Medical Specialty >> Oncology

Doctors Lounge - Oncology Answers

Back to Oncology Answers List

If you think you may have a medical emergency, call your doctor or 911 immediately. Doctors Lounge ( does not recommend or endorse any specific tests, physicians, products, procedures, opinions, or other information that may be mentioned on the Site.

DISCLAIMER: The information provided on is designed to support, not replace, the relationship that exists between a patient/site visitor and his/her physician. Please read our 'Terms and Conditions of Use' carefully before using this site.

Date of last update: 10/21/2017.

Forum Name: Breast Cancer

Question: Precautionary chemo?

 idee - Tue Jun 23, 2009 11:19 pm

Can you tell me what studies say about breast cancer survival statistics concerning mastectomies that were successful in removing all of the cancer and have not metastasized to any other areas......whether following the surgery with chemo as a precautionary measure proves to be of benefit over no chemo.

I don't understand why if the cancer hasn't spread and they removed all of the breast cancer by surgery.....what is it they are trying acomplish with chemo?
 Dr. Tamer Fouad - Sun Sep 06, 2009 9:25 am

User avatar Hello,

To answer your question, the idea behind adjuvant chemotherapy is to kill any remaining microscopic malignant cells that are not removed by surgery. Another important thing to remember, is that breast cancer is considered a systemic disease due to its propensity to metastasize.

When taking an overall look at population statistics, there's been a decrease in the cause-specific mortality from breast cancer in every Western nation over the past decade, and this has been mainly attributed to the use of adjuvant chemotherapy.

As for trials, it has been proven beyond doubt that adjuvant chemotherapy improves cure rates after mastectomy, decreases recurrences and improves survival.[1]

Clinical trials are like controlled experiments so you would want to have two groups of patients: one group receiving chemotherapy after surgery and another group without chemotherapy and follow these patients up to see which group has a better outcome.

Trials like these were conducted in the 70s when it wasn't yet known whether adjuvant chemotherapy was better than mastectomy alone. I am adding a reference to the 20 year follow up of the trial by Bonadonna et al.[2]

Trials such as these would never be allowed nowadays, since it would be unethical to prevent patients from the benefit of chemotherapy for the sake of an experiment. However, in the 70's, when it still wasn't known, many other trials were conducted. A group of statisticians meets every 5 years in Oxford University to report on the follow up results of 60 trials involving some 28,764 women that were conducted in the 1990's.[3] The last report was published in 2005 on the 15 year survival and recurrence rates for these patients.[3]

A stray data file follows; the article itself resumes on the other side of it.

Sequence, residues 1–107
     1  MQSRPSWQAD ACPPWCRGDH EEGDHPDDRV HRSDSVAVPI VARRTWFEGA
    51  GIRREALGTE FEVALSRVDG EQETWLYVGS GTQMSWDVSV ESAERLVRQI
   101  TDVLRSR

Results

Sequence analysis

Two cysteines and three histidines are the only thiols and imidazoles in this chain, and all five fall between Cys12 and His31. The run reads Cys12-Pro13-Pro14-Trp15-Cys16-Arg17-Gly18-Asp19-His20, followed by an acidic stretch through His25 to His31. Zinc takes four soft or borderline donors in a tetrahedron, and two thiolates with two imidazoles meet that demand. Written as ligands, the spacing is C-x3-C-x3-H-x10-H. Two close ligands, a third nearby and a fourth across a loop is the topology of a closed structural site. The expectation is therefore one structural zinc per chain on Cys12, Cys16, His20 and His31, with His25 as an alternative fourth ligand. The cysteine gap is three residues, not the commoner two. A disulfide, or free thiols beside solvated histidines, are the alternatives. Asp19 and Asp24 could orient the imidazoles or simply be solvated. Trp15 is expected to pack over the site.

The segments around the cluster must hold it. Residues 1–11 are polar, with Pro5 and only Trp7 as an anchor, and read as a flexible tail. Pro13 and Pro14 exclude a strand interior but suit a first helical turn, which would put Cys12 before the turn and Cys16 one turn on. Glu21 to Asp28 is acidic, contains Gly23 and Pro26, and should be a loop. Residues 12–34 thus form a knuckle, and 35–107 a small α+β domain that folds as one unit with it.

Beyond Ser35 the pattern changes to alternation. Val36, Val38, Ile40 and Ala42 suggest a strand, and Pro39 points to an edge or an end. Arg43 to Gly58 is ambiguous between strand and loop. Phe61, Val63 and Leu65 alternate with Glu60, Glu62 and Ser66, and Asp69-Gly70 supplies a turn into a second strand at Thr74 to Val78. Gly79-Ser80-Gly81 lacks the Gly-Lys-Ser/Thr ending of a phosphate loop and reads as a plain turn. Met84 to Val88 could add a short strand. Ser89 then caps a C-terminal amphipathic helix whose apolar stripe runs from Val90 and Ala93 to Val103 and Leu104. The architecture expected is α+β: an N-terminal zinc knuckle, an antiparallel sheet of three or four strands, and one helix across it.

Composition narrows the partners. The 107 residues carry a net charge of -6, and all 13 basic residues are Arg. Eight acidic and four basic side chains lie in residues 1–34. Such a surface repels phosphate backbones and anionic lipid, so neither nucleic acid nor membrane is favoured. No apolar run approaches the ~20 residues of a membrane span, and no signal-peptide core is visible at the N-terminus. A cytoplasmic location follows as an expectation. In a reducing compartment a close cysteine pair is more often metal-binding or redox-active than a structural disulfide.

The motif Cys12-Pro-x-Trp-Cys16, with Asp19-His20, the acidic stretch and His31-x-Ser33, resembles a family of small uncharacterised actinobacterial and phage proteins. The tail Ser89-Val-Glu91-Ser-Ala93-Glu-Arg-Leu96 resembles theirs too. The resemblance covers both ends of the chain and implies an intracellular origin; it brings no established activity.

Adjuvant chemotherapy is not for everyone with breast cancer however, and recently genetic analysis of the tumor sample has allowed a better prediction of who can be safely be excluded from adjuvant chemotherapy.

1. Cancer survivors: living longer, and now, better. Lancet. Dec 18-31 2004;364(9452):2153-2154.
2. Bonadonna, G, Valagussa, P, Moliterni, A, et al. Adjuvant cyclophosphamide, methotrexate, and fluorouracil in node-positive breast cancer: the results of 20 years of follow-up. N Engl J Med 1995; 332:901.
3. Early Breast Cancer Trialists' Collaborative Group (EBCTCG). Effects of chemotherapy and hormonal therapy for early breast cancer on recurrence and 15-year survival: an overview of the randomised trials. Lancet 2005 May;365(9472):1687-717.

| Check a doctor's response to similar questions

Are you a Doctor, Pharmacist, PA or a Nurse?

Join the Doctors Lounge online medical community

  • Editorial activities: Publish, peer review, edit online articles.

  • Ask a Doctor Teams: Respond to patient questions and discuss challenging presentations with other members.

Doctors Lounge Membership Application

Tools & Services: Follow DoctorsLounge on Twitter Follow us on Twitter | RSS News | Newsletter | Contact us